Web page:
From the testimony of an officer of a national banking association doing business in the same area as plaintiffs it [23 Cal. 2d 286] appears that it makes personal loans in substantial amounts for the purchase of household equipment, but solely on the borrower's credit, not taking the furniture as security; that it commenced purchasing, at a discount, conditional sales contracts from dealers in household equipment in 1937, and has a substantial business in that field, but in purchasing such contracts it relies solely upon the credit of the dealer rather than the buyer named in the contract, taking all contracts with recourse, withholds payment to the dealer of 20 to 40 per cent of the price as a reserve against default under the contract, does not repossess the property sold for a default under the contract, and requires the dealer to take up the contracts in default; that its business is in the nature of a loan or advance to the dealer and is not similar to the business carried on by finance companies who purchase conditional sales contracts without recourse or without withholding the reserve.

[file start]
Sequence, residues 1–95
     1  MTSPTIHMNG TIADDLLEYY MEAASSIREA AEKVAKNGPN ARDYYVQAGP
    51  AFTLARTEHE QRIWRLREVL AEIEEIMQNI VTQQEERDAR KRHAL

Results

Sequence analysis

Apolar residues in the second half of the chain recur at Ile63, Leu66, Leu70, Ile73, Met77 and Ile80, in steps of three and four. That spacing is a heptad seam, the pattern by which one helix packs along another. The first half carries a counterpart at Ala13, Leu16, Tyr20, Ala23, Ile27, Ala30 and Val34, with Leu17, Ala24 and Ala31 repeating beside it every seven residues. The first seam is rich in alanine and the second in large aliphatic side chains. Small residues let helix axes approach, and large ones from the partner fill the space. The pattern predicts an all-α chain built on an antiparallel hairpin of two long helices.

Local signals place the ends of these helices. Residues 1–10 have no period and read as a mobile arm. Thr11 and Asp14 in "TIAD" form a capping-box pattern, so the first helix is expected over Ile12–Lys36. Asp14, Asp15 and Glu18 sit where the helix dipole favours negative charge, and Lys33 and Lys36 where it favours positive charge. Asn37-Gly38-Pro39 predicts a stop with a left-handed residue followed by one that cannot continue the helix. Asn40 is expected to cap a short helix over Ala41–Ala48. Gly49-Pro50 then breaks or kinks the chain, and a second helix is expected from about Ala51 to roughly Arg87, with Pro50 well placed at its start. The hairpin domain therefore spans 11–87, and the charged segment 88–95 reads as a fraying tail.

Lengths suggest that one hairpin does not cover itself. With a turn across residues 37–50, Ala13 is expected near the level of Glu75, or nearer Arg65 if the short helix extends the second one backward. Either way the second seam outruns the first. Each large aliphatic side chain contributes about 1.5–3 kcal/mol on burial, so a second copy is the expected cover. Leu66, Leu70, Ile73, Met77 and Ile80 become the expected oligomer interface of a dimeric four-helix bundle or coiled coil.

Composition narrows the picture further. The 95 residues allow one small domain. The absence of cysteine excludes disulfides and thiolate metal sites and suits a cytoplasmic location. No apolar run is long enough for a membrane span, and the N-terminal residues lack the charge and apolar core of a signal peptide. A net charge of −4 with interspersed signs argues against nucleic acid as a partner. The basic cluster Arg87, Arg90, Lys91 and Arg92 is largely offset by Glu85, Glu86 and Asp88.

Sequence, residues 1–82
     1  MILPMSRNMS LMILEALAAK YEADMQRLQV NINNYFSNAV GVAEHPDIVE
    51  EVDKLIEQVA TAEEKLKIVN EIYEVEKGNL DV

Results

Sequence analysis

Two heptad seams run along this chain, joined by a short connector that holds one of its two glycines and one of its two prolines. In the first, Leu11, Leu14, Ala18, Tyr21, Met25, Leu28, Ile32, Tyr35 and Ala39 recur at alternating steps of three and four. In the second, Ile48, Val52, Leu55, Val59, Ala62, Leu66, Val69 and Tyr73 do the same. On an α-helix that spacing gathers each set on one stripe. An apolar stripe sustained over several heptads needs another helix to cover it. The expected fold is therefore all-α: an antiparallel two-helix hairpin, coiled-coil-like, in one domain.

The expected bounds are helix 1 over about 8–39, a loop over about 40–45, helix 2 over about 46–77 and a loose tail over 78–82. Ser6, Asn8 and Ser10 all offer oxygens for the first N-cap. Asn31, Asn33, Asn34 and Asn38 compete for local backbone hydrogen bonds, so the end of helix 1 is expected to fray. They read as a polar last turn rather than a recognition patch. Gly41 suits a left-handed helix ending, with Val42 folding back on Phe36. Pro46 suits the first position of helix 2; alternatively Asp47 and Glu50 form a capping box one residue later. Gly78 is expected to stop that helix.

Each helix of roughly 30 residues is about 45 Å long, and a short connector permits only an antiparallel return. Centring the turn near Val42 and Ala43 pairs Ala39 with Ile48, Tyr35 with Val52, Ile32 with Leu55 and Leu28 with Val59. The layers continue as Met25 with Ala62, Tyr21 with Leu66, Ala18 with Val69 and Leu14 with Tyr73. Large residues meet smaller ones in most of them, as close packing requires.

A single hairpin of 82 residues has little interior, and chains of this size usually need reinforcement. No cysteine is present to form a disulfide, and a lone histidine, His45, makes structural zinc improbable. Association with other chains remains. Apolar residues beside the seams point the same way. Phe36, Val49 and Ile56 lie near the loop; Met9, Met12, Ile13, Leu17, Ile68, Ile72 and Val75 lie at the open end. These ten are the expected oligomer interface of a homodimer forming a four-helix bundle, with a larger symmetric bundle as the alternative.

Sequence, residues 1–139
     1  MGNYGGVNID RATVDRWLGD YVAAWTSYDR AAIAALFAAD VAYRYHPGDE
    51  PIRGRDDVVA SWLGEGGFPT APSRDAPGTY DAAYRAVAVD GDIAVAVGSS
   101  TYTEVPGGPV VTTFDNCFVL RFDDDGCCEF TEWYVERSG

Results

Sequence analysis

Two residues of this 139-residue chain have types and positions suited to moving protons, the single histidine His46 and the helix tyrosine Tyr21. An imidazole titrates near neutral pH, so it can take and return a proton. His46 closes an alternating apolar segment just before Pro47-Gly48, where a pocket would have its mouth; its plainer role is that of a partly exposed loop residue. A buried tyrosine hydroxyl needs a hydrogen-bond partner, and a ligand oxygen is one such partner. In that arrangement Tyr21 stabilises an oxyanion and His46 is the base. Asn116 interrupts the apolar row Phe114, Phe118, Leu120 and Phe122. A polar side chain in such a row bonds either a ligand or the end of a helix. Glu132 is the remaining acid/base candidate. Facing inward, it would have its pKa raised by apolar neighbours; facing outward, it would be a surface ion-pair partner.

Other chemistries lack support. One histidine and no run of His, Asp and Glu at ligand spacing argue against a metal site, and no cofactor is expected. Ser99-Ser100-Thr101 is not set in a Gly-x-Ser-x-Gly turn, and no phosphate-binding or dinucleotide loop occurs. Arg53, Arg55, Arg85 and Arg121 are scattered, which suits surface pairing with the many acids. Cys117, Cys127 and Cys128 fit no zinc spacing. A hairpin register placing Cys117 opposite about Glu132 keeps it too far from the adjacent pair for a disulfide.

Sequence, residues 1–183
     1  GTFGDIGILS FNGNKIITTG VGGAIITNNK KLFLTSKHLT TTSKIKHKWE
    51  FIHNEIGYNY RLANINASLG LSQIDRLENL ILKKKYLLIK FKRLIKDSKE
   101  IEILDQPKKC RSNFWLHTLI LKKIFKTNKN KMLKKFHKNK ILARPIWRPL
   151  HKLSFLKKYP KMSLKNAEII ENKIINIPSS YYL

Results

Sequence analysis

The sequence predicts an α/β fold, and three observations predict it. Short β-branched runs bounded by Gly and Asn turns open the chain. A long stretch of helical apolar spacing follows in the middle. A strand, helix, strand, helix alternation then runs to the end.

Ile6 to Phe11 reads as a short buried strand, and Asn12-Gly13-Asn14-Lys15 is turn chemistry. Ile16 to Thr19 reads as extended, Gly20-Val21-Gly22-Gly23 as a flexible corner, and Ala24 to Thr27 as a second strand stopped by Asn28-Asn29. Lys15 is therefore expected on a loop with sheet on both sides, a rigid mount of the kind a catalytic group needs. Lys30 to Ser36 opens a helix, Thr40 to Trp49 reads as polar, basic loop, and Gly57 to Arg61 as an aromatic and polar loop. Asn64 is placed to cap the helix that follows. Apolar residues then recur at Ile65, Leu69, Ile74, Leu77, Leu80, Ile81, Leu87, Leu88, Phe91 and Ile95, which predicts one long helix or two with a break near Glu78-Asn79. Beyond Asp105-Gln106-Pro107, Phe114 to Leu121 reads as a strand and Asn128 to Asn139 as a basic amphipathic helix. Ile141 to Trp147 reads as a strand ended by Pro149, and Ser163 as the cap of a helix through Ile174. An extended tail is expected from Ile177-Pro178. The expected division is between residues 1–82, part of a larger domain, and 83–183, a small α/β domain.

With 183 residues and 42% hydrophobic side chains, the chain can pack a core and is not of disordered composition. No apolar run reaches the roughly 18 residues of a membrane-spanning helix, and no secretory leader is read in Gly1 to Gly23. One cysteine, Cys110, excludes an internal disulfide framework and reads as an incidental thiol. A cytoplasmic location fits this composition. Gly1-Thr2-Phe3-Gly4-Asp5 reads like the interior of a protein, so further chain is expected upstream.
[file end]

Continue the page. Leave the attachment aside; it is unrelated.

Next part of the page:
[4] The only reasonable conclusion from that evidence is that plaintiffs were in substantial competition with national banks. Both national banks and plaintiffs are engaging in the same general investment business, that is, a business where the dealing is in moneyed capital as distinguished from other commodities, and purchasing at a discount conditional sales contracts from retail dealers in household furnishings and equipment. [5] While in all phases of the business of each there is not a parallel, that is, plaintiffs do not loan money whereas national banks do, competition may exist although it does not extend to all aspects of the business of national banks. (See Boise City Nat. Bank v. Ada County, 48 F.2d 222; National Bank of Commerce v. King County, 153 Wash. 351 [280 P. 16]; Public Nat. Bank of New York v. Keating, 47 F.2d 561, aff'd 284 U.S. 587 [52 S. Ct. 137, 76 L. Ed. 507]; Minnesota v. First National Bank, 273 U.S. 561 [47 S. Ct. 468, 71 L. Ed. 774]; First National Bank v. Hartford, 273 U.S. 548 [47 S. Ct. 462, 71 L. Ed. 767]; First Nat. Bank v. Anderson, supra, p. 348.) It is true that it was testified that the business of the national banks and plaintiffs was not similar, for the reason, however, that, contrary to plaintiffs' course of business, the national banks looked only to the dealer's credit, insisted upon recourse to the dealer, and required a reserve. The last-mentioned differences in the mode of transacting the business of investing in instruments calling for the payment of money by purchasing of conditional sales contracts, are not controlling. [23 Cal. 2d 287] It cannot be doubted that for that class of business both plaintiffs and the national banks are interested in at least that group of dealers who are financially responsible and whose credit standing is sufficient to make acceptable and valuable their guarantee of payment on the contract, and who can afford to have the reserve withheld. The fact that plaintiffs deal chiefly with small local dealers does not preclude the assumption that some of those dealers may be in a position to deal with a national bank, or that national banks will accept such business when offered. It is not logical to say that where two concerns are engaged in trading in a similar commodity (money and conditional sales contracts in the instant case) they are not in competition because one offers more favorable terms or prices than the other.